Mendez Vs Westminster

Category: Culture
Date added
2019/02/27
Pages:  4
Words:  1193
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We’ve all heard about the Brown Vs Board of education movement by why haven’t we heard about Sylvia Mendez and the giant case she plays a role in that took place seven years before? Right that paved the way for the Brown VS Board case, that helped lead them to win is said in “Mendez vs Westminster: paving the way to school segregation”.(Costly, pg.1) Sylvia Mendez was an eight-year-old girl who was born in America with immigrant parents after her father became legal working as a farmer. In “Mendez vs westminster: paving the way to school segregation,””Sylvia’s parent sent her and her siblings over to an all white school in Orange County California when the school rejected the kids from the school because they were Mexican-American her parents and four other families sued the school to desegregate the schools so that all Mexican-American kids could join the school because they had better educational resources(Costly). According To “Mendez vs westminster: paving the way to school segregation,”” California never included children of Mexican ancestry with Blacks, Indians, and Asians in its state school segregation laws. Mexican-American, children only became a target of local segregation efforts after 1900 when their numbers grew rapidly in the school. (Costly, pg.1)

In “Mendez vs westminster: paving the way to school segregation” the section called Racial segregation talks about how in California segregation has a pattern. Each race Black, Asians and Indian all wanted to be allowed to enroll in an all white school however instead the supreme court would assign them to a new school a school which was full of their race.(Costly, pg 1&2) Sylvia parents won right by proving that the the Mendez kids in a Mexican school hurt the kids because they wouldn’t be growing mentally, they would instead be damaging them because the kids wouldn’t be learning to speak proper English. Another piece of evidence they used was when they tried to enroll was that the school allowed Sylvia’s cousins in who had a French last name and were Mexican-American.(Costly pg.2) Within “Mendez vs. segregation: 70 years later, famed case ‘isn’t just about Mexicans. It’s about everybody coming together” The school that was built for the mexican school was two shacks put together next to a cow pasture but across the road was the white school with fancy cut grass and awesome playgrounds that lead Sylvia to believe that, that’s what her parents were fighting for. (Kandil) in the article “Mendez vs. segregation: 70 years later, famed case ‘isn’t just about Mexicans.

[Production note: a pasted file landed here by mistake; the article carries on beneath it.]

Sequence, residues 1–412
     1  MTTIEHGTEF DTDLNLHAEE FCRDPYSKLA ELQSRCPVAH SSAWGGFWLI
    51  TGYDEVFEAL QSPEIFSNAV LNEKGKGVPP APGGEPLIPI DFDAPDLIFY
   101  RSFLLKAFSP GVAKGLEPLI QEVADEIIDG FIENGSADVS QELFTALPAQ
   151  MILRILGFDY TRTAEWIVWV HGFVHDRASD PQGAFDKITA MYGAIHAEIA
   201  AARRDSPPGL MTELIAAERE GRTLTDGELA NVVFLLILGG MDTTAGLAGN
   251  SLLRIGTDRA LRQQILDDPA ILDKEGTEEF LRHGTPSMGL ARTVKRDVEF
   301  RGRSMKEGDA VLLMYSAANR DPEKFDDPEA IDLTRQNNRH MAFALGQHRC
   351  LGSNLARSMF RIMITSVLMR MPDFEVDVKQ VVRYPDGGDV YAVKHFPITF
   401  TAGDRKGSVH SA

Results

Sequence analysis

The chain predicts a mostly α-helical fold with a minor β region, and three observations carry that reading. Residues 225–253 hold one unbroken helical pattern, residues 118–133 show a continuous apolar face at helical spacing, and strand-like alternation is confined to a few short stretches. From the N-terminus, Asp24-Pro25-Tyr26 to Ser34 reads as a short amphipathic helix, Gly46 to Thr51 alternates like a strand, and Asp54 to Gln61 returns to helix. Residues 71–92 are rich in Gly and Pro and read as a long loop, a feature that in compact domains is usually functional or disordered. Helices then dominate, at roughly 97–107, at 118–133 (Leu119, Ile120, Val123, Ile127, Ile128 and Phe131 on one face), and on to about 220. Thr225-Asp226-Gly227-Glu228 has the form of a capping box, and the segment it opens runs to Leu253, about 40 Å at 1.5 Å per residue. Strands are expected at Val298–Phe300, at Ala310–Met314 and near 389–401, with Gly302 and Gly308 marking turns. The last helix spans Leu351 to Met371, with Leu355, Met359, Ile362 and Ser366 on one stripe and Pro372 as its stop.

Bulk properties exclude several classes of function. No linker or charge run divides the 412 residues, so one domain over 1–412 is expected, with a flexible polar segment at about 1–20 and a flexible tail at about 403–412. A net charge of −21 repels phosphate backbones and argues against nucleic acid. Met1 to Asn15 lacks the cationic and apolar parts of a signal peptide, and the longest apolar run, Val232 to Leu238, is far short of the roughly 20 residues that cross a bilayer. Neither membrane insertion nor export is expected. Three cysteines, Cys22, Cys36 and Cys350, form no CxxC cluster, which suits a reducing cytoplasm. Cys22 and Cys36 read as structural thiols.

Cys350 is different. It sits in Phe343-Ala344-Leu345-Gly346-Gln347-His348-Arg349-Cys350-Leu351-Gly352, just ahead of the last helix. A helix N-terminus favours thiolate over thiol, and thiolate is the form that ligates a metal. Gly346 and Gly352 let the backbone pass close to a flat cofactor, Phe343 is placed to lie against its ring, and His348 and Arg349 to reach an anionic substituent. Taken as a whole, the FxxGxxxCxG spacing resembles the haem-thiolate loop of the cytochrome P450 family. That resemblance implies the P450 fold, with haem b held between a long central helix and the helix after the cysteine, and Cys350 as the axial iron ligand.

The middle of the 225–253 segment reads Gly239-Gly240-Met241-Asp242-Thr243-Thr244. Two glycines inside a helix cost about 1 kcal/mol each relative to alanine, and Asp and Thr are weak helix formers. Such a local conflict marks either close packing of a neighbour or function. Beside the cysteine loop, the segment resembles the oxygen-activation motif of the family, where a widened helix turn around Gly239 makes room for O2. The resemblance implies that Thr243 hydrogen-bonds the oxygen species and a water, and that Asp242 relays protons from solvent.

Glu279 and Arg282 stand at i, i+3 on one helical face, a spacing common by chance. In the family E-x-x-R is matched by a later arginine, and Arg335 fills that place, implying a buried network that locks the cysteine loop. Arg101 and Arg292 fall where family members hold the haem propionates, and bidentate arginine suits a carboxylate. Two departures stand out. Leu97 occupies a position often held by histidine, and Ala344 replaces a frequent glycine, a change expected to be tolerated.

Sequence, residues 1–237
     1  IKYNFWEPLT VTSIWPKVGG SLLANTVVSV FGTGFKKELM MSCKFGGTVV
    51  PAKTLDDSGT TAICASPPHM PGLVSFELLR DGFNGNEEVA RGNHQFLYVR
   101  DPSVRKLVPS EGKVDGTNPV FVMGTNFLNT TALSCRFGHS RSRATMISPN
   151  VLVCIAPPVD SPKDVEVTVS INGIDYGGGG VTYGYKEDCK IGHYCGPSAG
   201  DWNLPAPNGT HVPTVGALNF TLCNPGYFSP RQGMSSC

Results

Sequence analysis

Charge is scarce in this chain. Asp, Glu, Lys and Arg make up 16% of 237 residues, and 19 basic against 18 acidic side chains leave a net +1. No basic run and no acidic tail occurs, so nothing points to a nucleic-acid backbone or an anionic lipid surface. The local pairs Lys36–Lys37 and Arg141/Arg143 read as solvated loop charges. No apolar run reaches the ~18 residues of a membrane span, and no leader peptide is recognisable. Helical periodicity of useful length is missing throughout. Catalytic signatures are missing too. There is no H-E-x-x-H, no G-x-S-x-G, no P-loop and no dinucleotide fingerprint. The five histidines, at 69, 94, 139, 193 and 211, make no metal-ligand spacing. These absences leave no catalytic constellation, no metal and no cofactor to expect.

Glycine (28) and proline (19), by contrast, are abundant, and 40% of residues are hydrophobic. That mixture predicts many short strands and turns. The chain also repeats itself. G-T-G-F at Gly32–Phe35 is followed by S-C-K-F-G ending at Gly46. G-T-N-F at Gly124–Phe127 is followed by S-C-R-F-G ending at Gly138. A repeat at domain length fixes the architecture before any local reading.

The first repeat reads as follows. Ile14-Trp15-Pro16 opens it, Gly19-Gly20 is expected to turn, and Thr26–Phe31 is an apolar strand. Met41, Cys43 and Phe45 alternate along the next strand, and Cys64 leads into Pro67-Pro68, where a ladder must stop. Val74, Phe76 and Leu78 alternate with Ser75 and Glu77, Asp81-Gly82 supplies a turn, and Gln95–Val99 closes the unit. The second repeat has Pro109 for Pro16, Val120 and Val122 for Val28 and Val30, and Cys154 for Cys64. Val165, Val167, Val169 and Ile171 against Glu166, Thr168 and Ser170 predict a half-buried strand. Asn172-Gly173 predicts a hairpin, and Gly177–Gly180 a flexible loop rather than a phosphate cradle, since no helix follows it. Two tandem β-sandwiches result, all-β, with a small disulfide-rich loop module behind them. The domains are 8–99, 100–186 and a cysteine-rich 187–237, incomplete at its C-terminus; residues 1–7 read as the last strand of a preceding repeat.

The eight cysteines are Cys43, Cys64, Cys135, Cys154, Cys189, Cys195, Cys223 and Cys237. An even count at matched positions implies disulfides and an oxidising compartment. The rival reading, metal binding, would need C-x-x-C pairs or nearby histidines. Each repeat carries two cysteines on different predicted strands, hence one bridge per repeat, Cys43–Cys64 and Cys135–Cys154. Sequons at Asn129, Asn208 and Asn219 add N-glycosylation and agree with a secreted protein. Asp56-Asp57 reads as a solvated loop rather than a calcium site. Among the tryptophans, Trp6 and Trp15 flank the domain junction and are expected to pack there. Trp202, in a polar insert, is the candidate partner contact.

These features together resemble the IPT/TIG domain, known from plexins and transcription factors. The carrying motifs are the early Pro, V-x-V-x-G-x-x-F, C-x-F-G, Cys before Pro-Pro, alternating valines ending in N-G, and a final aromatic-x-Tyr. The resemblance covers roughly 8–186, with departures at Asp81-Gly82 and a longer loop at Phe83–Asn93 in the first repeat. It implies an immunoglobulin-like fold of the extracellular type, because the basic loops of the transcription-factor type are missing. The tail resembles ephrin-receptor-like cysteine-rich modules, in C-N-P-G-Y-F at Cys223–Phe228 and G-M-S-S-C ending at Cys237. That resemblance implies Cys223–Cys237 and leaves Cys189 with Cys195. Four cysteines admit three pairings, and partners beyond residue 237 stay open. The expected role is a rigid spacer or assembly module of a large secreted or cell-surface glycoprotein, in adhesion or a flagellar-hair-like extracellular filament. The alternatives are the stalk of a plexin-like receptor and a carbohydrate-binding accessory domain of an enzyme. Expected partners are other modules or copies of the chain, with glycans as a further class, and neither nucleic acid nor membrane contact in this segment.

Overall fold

It’s about everybody coming together” Fighting in court everyday didn’t only help mendez realise that it wasn’t about a silly new playground but it was for racial equality not only to Mexican-Americans but to all races and bringing them together.(Kandil) In “Mendez vs. segregation: 70 years later, famed case ‘isn’t just about Mexicans. It’s about everybody coming together” Mexican schools where ran like sweatshops in a way because of learning how to speak, read or even write english the kids were taught to crochet and knit.(Kandil) In “Mendez vs. segregation: 70 years later, famed case ‘isn’t just about Mexicans. It’s about everybody coming together” The school board claimed that mexican schools were there because the mexican had special needs that couldn’t be taught at white schools they also claimed that the white schools weren’t best for them like the mexican schools were.(Kandil) After the Sylvia’s parents won the case it was the beginning of anyone realising how the schools weren’t following the 14th amendment and made people across the nation question it.is said in “Mendez vs. segregation: 70 years later, famed case ‘isn’t just about Mexicans.